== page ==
The irony here is somewhat epic. When I worked in offices and placed orders from the Staples catalog, there were always a few special pages devoted to “company wellness.” This included aromatherapy kits or stress balls that could be printed with a company logo. Fantastic. Companies counted money off the fact that potential overtime made me pop Pepto-Bismol like Tic-Tacs. Stress, it seemed, was accepted as being a part of work, or, rather, it seemed that work was a somewhat welcome residual effect of stressing out. Coworkers of mine spoke of long meetings and overtime the way that high-school football players talked about sprained ligaments. There was strength in suffering.
Let me tell you, all of the nights I stayed until eight, or worked on the occasional Saturday, or did so many tasks at once that my entire food consumption for the day was a Diet Coke and half a stale cupcake, that was not anxiety producing. Looking back on it, that was a diorama of worry. A second-grade theater production of unease. Real anxiety comes from the threat of eviction, the fear that you’ve made a grandiose mistake and ruined your life, the trepidation that comes when you recognize that you will likely never be able to afford more than one month’s rent at a time, that you probably can never foot the bill for offspring. Yeah, that’s stress. Put my full name on the thera-squeeze ball, Staples. Don’t forget to dot the “i.”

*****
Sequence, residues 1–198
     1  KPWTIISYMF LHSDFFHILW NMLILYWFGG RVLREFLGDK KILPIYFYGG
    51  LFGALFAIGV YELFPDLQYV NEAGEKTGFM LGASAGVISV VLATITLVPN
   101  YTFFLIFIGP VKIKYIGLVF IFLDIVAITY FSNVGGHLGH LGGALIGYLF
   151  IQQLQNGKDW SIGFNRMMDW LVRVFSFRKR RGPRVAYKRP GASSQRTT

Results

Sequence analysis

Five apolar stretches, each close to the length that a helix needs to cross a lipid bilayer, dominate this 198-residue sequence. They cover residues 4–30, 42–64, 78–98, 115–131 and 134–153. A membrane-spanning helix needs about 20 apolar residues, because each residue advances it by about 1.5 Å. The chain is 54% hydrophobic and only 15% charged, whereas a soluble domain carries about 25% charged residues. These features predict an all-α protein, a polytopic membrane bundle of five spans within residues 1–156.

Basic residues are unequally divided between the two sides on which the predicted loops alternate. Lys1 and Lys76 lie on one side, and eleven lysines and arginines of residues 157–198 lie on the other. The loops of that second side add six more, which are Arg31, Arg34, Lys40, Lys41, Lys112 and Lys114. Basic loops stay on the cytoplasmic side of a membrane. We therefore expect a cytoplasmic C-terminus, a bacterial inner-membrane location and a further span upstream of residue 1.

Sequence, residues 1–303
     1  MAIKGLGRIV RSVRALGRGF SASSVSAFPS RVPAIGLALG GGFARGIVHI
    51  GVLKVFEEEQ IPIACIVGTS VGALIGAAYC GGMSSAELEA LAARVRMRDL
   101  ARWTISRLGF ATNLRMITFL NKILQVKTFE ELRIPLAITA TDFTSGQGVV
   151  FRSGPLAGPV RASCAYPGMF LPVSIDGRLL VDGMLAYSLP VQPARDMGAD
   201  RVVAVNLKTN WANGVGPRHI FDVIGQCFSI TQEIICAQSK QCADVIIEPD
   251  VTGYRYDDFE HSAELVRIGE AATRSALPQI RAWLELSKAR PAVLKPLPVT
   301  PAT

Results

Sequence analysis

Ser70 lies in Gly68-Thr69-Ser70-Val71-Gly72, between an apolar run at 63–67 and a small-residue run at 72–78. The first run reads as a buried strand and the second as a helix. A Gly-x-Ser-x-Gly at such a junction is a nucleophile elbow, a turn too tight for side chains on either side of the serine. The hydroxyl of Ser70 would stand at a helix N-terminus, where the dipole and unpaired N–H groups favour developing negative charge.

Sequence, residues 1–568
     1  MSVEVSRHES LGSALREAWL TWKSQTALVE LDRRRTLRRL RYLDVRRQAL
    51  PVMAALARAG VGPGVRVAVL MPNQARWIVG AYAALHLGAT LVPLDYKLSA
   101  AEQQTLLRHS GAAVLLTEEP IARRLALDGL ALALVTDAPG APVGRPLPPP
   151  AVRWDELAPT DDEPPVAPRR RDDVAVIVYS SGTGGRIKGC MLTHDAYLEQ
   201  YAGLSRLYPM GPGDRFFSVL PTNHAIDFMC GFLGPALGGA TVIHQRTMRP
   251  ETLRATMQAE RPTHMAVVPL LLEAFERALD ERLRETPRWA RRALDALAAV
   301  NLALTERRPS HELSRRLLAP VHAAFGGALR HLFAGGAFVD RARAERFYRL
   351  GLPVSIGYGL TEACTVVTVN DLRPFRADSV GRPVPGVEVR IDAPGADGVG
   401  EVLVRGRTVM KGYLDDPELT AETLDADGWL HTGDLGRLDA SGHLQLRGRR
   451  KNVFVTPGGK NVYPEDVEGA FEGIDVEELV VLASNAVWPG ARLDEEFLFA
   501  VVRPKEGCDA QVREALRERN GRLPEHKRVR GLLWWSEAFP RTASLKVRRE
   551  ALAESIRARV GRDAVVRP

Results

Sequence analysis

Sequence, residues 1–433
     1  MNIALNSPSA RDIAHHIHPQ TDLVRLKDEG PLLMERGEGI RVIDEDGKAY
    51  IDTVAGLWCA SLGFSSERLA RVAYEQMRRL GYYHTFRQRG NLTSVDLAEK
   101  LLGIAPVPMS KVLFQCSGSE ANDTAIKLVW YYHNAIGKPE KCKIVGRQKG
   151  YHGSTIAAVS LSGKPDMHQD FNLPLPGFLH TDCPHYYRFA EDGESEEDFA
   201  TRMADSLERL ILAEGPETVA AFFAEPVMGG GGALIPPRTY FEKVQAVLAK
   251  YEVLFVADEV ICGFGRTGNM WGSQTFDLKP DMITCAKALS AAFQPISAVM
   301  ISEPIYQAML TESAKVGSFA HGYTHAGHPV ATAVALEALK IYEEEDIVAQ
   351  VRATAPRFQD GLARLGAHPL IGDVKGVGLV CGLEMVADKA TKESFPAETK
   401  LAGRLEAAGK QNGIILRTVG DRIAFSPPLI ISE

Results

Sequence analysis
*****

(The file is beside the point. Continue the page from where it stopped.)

Among other examples of items that office supply companies think can help the average worker stop worrying about their deadline/mortgage/lack of retirement funds:
- Squeezable foam balls printed with what appears to be the planet Earth
- A “personalized” lavender aromatherapy basket (Guys, any takers?)
- A magnetic sculpture that also serves as a paperweight, featuring golf clubs and metal bits that resemble iron filings
- and, my personal favorite, this:
I can’t imagine a person with a home office, or a freelance writer armed with their laptop and a thermos of cold coffee, deciding to waste $5.50 on an object whose sole purpose is to be gripped in order to release pent up tension caused by the job being executed in order to make that money to pay for said object. Cyclical? Quite.
I’m nervous that as the economy plummets and more people are forced to rely on their luck as much as their elbow grease, the idea of taking a time out will be looked at as a fancy accessory to a “good” job. Possibly, over time, much like SUVs, organic groceries, iPhones, and a second child, taking a break from work will simply be considered a somewhat ostentatious display of success instead of a necessary breather. The Worldwide Health Organization has calculated that 72% of Americans are plagued with frequent stress resulting in related physical or mental conditions, and beyond this country the measure of stress is so the extreme that it is now considered a “world wide epidemic.” I’m sure that many yoga studios, meditation retreats, and bars are profiting off this. I’m also sure that changing my own perspective would help me to reduce my contribution to the freak out phenomenon. The trouble is, I don’t have time to think about it, I’m too busy worrying about work.
Write me, I’ll send you a postcard from out here. AinsleyDrew at the gmail one.
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Also check out Shows I Missed. It’s better than office yoga.